CMS recently released regulations that clarify the definition of an inpatient admission under Medicare and call for specific documentation to support such a stay.
“This is the first regulation that addresses the definition of an inpatient for Medicare purposes,” David M. Glaser, JD, of Fredrikson and Byron, P.A. in Minneapolis and Orthopedics Today Editorial Board member, said during a recent webinar. “As of Oct. 1, an inpatient is someone who is expected to be in the hospital for 2 midnights. Another change is you have to have an admitting order and support for the rationale on the record. Also as of Oct. 1, there is going to be explicit documentation requirements that occur [and] the rule reinstates the 1-year timely filing requirement.” Glaser emphasized that under both the current policy and the new rule, inpatient status is based on the expected length of stay, rather than the actual length of stay.
Glaser’s colleague Katherine B. Ilten, JD, added, “If the treating physician or qualified practitioner expects to keep the patient in the hospital for a limited period of time that does not cross 2 midnights, then the services are inappropriate for inpatient admission under Part A.”
David M. Glaser
Katherine B. Ilten
The regulations note that cases of unforeseen death or transfer that result in a shorter stay for the patient would still qualify as inpatient cases, according to Glaser.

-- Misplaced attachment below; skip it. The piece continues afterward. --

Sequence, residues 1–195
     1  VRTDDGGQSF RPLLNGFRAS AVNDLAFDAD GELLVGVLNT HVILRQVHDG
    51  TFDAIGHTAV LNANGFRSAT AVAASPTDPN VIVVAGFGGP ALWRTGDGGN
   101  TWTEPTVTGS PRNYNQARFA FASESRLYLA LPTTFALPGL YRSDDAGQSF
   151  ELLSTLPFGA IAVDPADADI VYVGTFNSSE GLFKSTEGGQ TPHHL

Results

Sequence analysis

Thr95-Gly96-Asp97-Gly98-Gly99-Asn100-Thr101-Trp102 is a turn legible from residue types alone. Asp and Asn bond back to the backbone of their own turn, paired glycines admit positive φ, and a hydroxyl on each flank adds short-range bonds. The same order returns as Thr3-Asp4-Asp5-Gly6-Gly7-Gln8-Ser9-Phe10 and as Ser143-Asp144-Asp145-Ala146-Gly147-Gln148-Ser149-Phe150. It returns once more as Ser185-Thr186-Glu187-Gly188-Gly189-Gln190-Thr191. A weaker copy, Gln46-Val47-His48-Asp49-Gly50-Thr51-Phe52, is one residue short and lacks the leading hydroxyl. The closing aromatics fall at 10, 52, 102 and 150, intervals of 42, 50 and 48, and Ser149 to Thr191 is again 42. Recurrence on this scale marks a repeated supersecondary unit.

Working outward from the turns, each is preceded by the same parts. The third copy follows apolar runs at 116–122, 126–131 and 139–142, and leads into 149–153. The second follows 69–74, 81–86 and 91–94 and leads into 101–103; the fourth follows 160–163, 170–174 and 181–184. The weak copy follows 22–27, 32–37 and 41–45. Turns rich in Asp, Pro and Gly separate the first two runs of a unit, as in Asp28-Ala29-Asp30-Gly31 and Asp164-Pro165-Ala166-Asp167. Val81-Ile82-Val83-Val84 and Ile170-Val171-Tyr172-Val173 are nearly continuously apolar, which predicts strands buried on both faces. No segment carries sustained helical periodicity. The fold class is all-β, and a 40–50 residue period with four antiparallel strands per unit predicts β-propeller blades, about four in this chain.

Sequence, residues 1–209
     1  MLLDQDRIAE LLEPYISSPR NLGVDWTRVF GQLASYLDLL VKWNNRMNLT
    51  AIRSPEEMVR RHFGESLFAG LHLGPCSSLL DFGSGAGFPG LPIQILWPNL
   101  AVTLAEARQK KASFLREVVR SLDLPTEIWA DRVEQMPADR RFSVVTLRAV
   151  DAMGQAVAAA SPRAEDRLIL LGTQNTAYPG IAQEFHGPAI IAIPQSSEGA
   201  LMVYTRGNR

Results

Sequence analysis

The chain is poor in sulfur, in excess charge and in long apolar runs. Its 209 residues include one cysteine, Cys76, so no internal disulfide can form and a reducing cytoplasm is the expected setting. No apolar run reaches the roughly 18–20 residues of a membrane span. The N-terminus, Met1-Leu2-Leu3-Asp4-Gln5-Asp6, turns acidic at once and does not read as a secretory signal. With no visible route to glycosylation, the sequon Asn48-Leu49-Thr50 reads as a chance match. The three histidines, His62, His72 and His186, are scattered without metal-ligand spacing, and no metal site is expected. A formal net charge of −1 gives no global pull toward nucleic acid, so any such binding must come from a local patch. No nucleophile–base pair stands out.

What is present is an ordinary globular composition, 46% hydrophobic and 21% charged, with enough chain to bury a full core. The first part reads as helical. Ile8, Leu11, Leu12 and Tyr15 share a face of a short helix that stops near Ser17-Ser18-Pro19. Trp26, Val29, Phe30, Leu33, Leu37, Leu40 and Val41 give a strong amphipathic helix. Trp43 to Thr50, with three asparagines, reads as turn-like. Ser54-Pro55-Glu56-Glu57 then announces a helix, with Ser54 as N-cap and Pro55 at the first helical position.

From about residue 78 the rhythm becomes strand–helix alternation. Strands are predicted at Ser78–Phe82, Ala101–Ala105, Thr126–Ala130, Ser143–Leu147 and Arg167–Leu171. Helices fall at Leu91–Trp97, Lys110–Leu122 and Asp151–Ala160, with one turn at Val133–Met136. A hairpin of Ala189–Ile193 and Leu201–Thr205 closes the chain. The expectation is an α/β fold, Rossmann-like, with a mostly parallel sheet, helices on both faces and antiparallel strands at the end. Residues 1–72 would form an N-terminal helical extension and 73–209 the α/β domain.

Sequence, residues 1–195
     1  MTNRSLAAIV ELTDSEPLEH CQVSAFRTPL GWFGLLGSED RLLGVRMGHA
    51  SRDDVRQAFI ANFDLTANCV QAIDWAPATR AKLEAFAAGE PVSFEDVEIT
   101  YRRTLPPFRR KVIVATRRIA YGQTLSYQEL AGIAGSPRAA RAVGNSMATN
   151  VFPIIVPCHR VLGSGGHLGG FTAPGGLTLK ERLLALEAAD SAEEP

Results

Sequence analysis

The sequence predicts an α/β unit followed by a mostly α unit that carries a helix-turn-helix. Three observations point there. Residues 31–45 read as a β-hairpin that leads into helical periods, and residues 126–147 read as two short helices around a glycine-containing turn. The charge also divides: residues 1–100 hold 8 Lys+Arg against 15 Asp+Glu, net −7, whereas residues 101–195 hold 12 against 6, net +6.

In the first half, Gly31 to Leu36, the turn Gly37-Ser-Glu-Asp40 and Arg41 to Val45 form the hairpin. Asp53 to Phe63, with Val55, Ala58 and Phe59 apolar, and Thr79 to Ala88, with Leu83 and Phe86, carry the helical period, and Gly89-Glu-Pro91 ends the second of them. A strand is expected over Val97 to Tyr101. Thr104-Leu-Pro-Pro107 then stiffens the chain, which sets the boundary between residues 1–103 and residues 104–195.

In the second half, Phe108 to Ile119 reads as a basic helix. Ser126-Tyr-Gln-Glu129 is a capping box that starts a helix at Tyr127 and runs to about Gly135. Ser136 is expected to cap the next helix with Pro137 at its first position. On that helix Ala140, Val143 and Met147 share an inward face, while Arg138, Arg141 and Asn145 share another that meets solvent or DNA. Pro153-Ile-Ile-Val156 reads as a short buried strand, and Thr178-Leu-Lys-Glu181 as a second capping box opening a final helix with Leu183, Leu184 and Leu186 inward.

New documentation requirements
The rule marks the first time that CMS has required specific documentation, such as the admitting order and course of treatment, for inpatient services.
“The person has to have admitting privileges at the hospital the order is made and be knowledgeable about the patient’s hospital course,” Ilten said. “The person who wrote the order has to be the patient’s attending person who was assigned that patient. You cannot delegate it to someone who does not have admitting privileges to the hospital.”
The physician’s order must be made at or before the time of admission, according to Glaser.
“According to CMS, if you are not sure how long the patient is going to be in the hospital, you can place the patient in observation,” he said.
The physician or qualified practitioner must sign an acknowledgment noting that Medicare payment is based on a principle and secondary diagnosis, according to Ilten.
“This is currently in the regulations,” she said. “If you do not have this even now, you do not have a condition for payment.”
CMS will also examine whether the treating physician’s order for an inpatient stay was reasonable and necessary, although Ilten noted the Social Security Act states no one can interfere with a physician’s judgment.
“CMS wants to look at whether the physician expectation was reasonable,” Glaser said. “An interesting fight will be whether the regulation gives them authority.” – by Renee Blisard Buddle
Glaser M. Webinar. Short stay update: Medicare’s new “2 midnight” rule. Fredrikson & Byron, P.A. Presented Aug. 22, 2013.
For more information:
David M. Glaser, JD, and Katherine B. Ilten, JD, can be reached at Fredrikson & Byron, P.A., 200 S. Sixth St., Ste. 4000, Minneapolis, MN 55402; emails: firstname.lastname@example.org and email@example.com.
Disclosure: Glaser and Ilten have no relevant financial disclosures.